Parents: where true wisdom lies!

When we are very young, we are completely dependent on our parents. They have to feed us, bathe and clothe us, put us to bed and then wake us up. We gradually lose this overwhelming dependence and by the time we transform into teenagers and young adults, we believe we know everything.

It is only later on in life, when we are older and wiser and our parents are elderly, that we realize just how right our parents were when they tried – often with little success – to help us when we were younger.

All of the lessons that our parents tried to teach us years ago normally fell on deaf ears. It is only until we are grown and have matured that we realize where true wisdom lies. In my own case, I have infused what I observed and learned from my parents into how I run my business. I believe that doing so is the reason for my organization’s success.

The knowledge that we acquire from our parents can often be implicit meaning that they may not be telling us something with the intent of imparting a lesson. What they do and how they behave has a profound effect on us.

The biggest lesson I observed from my father was how quickly he connected with people when meeting them. He took the time to ask them questions, which always makes people feel special. When I meet someone, I make sure that I am listening to them intently. People want to be heard and by doing this you are able to make a deeper and more meaningful connection with others. This is especially important in the business world, where there are so many interactions among people.

Second, my father was a simple man and I have followed this ethos in my personal and business life. His whole life – everything from the clothes he wore to the food he ate – was uncomplicated. He also never tried to show off for others. This attitude of trying to show up others is so destructive and unnecessary because it is based entirely on ego. By removing ego from the equation, I can focus better on making those all-important connections with people. I always remind myself that I am no more or no less than any other human on this planet.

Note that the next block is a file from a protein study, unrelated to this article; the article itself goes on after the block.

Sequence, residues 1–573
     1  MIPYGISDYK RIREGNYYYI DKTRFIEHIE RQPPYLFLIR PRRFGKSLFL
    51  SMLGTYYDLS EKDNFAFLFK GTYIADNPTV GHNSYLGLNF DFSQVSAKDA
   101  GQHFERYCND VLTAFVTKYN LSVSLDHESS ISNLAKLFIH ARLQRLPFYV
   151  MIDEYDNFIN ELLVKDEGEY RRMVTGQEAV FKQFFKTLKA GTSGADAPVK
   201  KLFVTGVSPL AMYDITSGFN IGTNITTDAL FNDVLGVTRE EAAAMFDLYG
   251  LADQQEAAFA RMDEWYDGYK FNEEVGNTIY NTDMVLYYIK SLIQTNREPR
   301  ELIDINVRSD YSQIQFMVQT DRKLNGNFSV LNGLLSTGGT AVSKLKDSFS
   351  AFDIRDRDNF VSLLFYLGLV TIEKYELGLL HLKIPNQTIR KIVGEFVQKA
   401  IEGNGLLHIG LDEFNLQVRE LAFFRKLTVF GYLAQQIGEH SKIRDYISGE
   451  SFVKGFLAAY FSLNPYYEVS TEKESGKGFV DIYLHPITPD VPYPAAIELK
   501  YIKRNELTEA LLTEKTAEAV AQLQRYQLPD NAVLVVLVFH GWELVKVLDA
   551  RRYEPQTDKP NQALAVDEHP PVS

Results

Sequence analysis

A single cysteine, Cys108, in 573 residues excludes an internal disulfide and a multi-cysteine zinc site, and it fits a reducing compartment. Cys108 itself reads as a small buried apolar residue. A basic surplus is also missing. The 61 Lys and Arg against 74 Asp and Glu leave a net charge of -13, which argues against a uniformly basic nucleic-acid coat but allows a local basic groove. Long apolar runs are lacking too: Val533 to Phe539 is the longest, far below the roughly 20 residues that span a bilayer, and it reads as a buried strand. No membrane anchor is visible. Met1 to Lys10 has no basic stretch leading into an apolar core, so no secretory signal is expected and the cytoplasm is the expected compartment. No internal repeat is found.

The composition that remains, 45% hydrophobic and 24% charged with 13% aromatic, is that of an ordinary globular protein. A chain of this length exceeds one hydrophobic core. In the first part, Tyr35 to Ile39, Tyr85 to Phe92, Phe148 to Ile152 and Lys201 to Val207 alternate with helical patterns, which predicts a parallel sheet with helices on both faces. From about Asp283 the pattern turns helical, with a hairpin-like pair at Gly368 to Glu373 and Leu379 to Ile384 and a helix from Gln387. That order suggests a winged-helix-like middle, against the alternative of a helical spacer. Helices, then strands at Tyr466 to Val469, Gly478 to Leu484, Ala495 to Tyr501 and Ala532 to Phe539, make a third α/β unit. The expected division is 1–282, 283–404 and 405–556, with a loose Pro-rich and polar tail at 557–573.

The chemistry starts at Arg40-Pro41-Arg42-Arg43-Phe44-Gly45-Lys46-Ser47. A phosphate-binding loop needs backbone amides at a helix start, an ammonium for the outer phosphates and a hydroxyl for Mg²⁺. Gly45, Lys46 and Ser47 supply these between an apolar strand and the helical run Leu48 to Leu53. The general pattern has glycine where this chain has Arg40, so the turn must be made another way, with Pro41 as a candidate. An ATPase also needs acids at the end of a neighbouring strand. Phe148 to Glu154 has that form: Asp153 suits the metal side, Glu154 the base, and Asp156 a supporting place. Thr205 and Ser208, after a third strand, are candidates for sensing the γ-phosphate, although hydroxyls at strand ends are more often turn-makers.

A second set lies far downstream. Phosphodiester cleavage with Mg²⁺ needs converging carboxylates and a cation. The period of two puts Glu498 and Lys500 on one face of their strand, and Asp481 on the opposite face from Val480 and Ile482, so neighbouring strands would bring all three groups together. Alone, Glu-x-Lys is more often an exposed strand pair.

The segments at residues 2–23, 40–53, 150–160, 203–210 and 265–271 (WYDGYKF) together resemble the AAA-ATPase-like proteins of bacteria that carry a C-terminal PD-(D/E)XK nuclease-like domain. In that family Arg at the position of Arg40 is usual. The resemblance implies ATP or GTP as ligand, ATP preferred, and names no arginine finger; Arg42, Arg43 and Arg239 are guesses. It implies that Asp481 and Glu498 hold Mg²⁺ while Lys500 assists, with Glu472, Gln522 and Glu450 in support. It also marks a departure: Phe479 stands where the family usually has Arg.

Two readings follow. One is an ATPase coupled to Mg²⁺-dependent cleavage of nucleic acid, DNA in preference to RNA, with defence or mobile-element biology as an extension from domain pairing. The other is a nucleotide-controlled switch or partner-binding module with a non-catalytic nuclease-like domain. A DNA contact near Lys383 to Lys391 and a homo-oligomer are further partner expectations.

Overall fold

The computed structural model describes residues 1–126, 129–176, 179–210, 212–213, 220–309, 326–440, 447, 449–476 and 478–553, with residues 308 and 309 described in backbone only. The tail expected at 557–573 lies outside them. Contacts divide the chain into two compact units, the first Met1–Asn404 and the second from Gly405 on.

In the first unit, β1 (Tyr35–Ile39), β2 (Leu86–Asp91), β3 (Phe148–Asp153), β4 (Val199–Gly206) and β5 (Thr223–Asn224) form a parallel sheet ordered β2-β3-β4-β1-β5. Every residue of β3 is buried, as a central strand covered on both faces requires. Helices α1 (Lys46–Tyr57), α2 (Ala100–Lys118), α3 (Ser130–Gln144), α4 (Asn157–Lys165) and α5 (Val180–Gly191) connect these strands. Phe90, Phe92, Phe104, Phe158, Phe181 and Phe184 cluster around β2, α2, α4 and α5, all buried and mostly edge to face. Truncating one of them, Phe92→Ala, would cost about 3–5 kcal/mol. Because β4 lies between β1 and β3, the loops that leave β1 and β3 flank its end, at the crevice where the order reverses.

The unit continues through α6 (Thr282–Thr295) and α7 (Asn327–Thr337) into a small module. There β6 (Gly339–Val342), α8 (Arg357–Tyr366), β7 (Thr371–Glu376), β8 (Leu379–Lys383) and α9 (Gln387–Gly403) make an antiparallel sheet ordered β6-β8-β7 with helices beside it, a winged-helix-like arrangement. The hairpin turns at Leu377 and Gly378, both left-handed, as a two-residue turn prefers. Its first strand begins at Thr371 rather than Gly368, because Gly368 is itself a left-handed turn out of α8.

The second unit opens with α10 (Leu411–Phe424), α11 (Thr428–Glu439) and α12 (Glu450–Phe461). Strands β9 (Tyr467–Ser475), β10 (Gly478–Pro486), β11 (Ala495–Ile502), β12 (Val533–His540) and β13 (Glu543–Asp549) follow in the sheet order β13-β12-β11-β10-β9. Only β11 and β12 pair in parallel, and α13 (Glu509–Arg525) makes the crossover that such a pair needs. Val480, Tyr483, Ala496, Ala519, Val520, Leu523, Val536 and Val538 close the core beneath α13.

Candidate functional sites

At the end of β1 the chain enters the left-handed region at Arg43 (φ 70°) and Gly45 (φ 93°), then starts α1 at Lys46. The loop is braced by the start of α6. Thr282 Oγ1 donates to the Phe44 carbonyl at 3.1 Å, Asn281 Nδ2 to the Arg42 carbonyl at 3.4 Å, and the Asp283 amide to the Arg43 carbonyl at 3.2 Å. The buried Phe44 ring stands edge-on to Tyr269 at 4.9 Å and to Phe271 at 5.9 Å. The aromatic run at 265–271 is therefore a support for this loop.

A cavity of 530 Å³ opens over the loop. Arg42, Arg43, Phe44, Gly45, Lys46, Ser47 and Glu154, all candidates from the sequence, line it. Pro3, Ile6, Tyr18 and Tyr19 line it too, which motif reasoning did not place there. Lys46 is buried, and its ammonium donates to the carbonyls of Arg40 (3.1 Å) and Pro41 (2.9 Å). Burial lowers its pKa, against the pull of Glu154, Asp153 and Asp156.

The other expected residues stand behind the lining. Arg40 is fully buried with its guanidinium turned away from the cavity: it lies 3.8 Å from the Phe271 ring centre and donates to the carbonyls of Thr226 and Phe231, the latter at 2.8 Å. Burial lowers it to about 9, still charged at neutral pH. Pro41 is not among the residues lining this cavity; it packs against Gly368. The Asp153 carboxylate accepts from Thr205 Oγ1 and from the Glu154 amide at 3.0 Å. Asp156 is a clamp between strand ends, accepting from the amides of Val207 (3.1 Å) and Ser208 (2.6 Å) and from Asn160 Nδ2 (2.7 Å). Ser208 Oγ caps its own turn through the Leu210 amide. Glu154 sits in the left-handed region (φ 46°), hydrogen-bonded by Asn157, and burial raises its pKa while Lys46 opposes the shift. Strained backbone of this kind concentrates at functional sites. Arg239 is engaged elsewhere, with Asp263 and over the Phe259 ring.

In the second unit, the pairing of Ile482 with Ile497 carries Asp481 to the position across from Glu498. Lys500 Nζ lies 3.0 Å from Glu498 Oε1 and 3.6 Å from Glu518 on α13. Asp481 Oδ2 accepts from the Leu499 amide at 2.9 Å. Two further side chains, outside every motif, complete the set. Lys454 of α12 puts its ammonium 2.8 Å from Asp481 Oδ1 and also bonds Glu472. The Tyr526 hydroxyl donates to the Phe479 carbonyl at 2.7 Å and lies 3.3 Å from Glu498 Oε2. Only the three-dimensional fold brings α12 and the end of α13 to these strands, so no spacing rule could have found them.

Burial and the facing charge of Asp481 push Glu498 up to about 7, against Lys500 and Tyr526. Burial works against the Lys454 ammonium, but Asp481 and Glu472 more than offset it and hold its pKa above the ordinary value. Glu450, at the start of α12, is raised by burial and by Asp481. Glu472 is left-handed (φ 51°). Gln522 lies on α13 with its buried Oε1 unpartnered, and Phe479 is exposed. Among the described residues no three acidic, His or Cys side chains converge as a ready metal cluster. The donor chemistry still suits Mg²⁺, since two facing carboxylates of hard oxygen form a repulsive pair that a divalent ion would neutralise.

The third thing I learned came from my mother who always reminded me that while education and studying are important, a person must also remember to imbibe those lessons learned in the classroom. Receiving a degree from a university is not the same thing as actually learning and imparting that knowledge. Learning does not end once you are finished with school. In fact, I would argue that we learn the most once we are out of school and in the real world interacting with others.

The lesson of hard work also came from my mother, who was always the first to rise and the last to go to bed in our house. She never left any work pending and I always admired her for that. Not only did she do a lot of work, but it was also done carefully and thoughtfully. I have always strived to get things done right away and to do it properly. This saves time and effort in the long run and gives you a sense of satisfaction and accomplishment.

In addition to the positive things I learned while growing up, I also made observations about negative things that I did not want to be involved with. For me, the only way of doing business is in its purest form.

The wisdom and clarity offered by our parents are invaluable and I am thankful every day to have learned so much from them. I would not be the person I am today nor would my business thrive without these lessons.

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